The alternative to chip and pin cards
Chip and pin cards are a popular method of paying for things but it's just as secure to sign for your purchases.
Tapping my pin number into a card machine to pay for something has almost become second nature to me and I find it’s much easier than paying with cash, but for people who have problems remembering their pin number, there is another card you could be using.
Chip and signature or ‘pin-suppressed’ cards, are an alternative for people who are unable to remember a pin number and although all the banks offer them, they are a relatively unknown payment method.
While they’re nothing new, a mystery shopping study by the Payments Council found that 26% of people were embarrassed or anxious when using a chip and signature card, because of hold ups by retailers not knowing how to process the card, and 63% of people had never heard about them.
How does it work?
These cards work in exactly the same way as chip and pin cards, except you sign your name rather than entering in a four-digit pin code. When the card is inserted into a card machine, the customer will be asked for their signature to authorise the payment. They are accepted everywhere apart from self-service payment stations and to apply you just need to ask your bank. You can also withdraw cash in a bank branch, and get cashback (up to £50) in participating shops.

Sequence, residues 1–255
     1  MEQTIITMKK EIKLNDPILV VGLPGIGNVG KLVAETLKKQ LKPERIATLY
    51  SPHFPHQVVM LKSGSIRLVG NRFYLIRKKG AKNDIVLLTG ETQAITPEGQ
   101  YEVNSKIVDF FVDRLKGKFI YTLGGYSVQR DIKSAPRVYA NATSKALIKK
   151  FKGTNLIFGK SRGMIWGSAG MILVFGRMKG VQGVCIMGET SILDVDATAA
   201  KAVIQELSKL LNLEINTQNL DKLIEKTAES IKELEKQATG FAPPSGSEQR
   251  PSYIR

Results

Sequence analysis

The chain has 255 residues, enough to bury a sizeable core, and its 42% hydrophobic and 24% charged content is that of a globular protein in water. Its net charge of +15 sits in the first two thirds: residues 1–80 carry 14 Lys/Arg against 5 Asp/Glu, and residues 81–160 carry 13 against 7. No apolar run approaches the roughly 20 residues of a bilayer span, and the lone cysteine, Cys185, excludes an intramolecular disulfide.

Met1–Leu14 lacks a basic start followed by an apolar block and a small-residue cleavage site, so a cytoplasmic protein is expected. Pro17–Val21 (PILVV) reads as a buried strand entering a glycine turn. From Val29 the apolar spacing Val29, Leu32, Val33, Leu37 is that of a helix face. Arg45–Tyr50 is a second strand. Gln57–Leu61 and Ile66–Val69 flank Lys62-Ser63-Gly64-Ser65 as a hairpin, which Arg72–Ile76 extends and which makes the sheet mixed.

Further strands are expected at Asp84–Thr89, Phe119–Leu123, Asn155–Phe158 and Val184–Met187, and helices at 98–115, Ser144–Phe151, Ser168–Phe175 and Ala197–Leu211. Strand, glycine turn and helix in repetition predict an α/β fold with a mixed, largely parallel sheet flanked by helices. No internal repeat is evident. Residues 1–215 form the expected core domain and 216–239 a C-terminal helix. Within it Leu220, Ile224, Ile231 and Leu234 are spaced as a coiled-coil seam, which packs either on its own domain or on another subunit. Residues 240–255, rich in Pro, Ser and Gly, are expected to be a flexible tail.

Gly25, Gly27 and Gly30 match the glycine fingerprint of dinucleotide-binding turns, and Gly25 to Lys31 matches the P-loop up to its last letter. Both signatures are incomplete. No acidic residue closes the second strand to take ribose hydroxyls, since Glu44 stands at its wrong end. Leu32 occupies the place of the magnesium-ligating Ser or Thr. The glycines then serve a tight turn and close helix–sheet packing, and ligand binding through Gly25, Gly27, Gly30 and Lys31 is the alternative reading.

Who can get one?
These cards are available to anyone who has problems entering a pin number. This can be for a variety of reasons such as; dexterity issues, visual impairment, memory problems and mobility issues which make it hard to use a pin terminal.
All banks offer these types of cards and retailers are obliged to accept them. This is covered in the 2010 Equality Act which details the legal responsibility of businesses to cater for disabled customers – including accepting chip and signature cards.
Is it secure?
While chip and pin cards remain the safest way of making a card payment, customers with a chip and signature card get exactly the same level of fraud protection. This means if you're the innocent victim of card fraud, whether you signed for the purchase or entered a pin number, you are protected and full details can be found in our article on protecting yourself from fraud.
How else can I pay for something?
If you’re unable to use chip and signature cards there are other options. You can set a third party mandate which means you grant authority to another person, such as a friend or family member, to verify payments and some banks also offer a rubber stamp signature to use when paying with a card.
You can also now pay for goods up to £20 with your credit or debit card via contactless technology. This means you won’t need to enter a pin number or give your signature. Contactless is becoming an increasingly popular way to buy small items and a number of banks, including Barclays, HSBC and Royal Bank of Scotland are using this technology.
It works by the customer holding their card on a contactless chip and pin machine, and the money automatically leaving their bank account or going onto their credit card bill. You can even use your mobile phone to make some payments by fixing a small tag onto your device.
More on credit and debit cards: